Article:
The Latin phrase, 'Quid pro quo', which is the front and centre of impeachment hearings in impeachment proceedings against President Donald Trump is omnipresent across airwaves and social media.
White House Democrats initiated the impeachment inquiry on grounds that Trump abused his position of power. He allegedly asked Ukrainian government officials to investigate political rival Joe Biden and his son Hunter for corruption and held back military aid close to $400 mn insisting that the investigation should amount to something.
The expression, literally meaning 'something for something,' made headlines again Wednesday when US ambassador to the European Union Gordon Sondland told lawmakers Trump had sought such a deal with Ukraine.
Republicans who have been standing behind the President have chosen a rallying cry: there was 'no quid pro quo'. The phrase echoes the "no collusion" mantra adopted by the president during special counsel Robert Mueller's investigation into Russian meddling in the 2016 election.
According to linguists, using the same expression over and over again is a clever way of lodging a specific idea in voters' brains.
Earlier this month, 33 American writers signed a letter to The New York Times asking it to stop using the phrase concerning the impeachment inquiry.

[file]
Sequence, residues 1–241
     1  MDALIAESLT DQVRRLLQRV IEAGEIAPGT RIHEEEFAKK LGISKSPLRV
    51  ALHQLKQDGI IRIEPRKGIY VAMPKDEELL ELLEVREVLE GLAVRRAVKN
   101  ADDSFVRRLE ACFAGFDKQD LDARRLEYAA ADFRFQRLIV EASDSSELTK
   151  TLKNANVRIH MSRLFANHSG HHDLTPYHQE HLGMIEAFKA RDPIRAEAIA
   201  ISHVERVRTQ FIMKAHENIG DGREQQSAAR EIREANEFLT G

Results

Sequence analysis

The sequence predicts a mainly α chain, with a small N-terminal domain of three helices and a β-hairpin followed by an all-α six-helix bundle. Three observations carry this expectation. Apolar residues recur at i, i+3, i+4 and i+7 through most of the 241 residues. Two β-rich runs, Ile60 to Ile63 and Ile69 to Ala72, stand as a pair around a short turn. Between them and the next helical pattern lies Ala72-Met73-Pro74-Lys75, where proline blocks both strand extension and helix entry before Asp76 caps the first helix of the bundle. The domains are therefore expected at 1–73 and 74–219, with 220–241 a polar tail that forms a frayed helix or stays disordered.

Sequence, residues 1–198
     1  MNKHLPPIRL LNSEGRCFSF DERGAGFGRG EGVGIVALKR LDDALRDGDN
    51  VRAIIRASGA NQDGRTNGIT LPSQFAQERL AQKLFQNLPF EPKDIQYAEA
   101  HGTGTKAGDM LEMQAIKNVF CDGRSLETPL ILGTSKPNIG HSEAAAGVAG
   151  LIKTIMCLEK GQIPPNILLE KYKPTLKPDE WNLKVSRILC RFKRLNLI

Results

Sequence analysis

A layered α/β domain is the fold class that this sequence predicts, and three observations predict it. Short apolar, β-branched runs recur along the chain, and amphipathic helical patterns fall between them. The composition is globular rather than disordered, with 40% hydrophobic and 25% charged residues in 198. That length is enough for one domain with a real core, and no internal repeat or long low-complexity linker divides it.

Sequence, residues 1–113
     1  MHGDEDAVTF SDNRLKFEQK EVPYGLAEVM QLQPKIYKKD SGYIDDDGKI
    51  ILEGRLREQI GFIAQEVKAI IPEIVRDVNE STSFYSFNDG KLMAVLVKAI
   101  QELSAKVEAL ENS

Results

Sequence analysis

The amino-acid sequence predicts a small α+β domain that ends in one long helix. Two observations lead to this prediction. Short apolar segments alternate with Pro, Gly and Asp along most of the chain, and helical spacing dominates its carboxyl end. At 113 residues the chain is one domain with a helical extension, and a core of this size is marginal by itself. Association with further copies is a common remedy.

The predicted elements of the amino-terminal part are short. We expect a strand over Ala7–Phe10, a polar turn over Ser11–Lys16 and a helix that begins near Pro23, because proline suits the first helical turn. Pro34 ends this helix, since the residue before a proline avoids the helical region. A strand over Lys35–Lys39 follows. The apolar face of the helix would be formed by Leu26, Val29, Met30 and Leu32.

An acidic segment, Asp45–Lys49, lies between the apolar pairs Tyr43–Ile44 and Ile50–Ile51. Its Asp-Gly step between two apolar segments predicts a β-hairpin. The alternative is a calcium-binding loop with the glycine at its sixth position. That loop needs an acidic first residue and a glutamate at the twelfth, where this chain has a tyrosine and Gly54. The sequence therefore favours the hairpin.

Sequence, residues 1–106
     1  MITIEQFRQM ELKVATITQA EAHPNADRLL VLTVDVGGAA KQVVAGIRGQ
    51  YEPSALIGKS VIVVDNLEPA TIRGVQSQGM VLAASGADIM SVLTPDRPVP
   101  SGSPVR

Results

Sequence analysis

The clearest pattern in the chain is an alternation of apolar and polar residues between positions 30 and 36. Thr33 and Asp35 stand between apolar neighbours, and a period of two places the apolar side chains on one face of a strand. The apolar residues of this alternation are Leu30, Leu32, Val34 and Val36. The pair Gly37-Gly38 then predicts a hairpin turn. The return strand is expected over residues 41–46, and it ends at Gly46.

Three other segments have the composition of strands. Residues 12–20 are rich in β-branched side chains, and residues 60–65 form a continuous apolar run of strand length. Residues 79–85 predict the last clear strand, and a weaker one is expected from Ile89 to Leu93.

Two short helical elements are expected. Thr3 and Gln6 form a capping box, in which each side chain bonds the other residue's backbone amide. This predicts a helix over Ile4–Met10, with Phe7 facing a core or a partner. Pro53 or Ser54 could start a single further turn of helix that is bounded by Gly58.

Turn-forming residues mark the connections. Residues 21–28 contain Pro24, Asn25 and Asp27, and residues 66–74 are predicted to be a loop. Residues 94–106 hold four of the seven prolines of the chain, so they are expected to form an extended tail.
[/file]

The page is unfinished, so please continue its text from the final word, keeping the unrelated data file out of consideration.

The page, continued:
"Most people don't understand what it means, and in any case, it doesn't refer only to a crime," they wrote.
The writers, clearly Trump opponents, urged the newspaper to use terms such as 'bribery' or 'extortion,' to make clear that what the president asked of Ukrainian leader Volodymyr Zelensky was "a crime." Democratic bosses might have been reading.
Last week, House Speaker and Democrat leader Nancy Pelosi, used the terms 'bribery.' and 'extortion' while describing charges against Trump to dispute Republican claims there was no quid pro quo because Trump eventually released aid to Ukraine.
The use of language more explicitly associated with criminal activity was a clear attempt at trying to win over voters sceptical of the impeachment proceedings.
Ben Zimmer, a lexicographer, says Sondland's statement will give the term 'quid pro quo' another boost.And so it did: midway through Sondland's appearance before Congress, Trump addressed reports on the lawn of the White House, reading from notes on the testimony.
A photographer captured what the president had scribbled in a black marker pen: "I want no quid pro quo."
On November 16, former US envoy to Ukraine, Marie Yovanovitch who testified before the Permanent Select Committee on Intelligence said she was unaware of any criminal activity involving the president.
This testimony came right after the one on November 14, when two top diplomats William Taylor and George Kent revealed compelling details regarding Trump's alleged acts of efforts to get Ukraine to investigate his potential 2020 rival Joe Biden. While Taylor revealed about Trumps attempts to put pressure on Ukraine, Kent said that the President and his lawyer Rudy Guiliani had no basis for allegations against Biden and his son.
If the House of Representatives, which has a Democratic majority, votes to impeach him, Trump will face trial in the Senate to decide whether he be removed from office.
Though impeachment is unlikely as Republicans have the majority in the Senate, Democrats hope they can at least convince voters that Trump abused his position to serve his political interests and thereby encourage them to vote him out of office next year.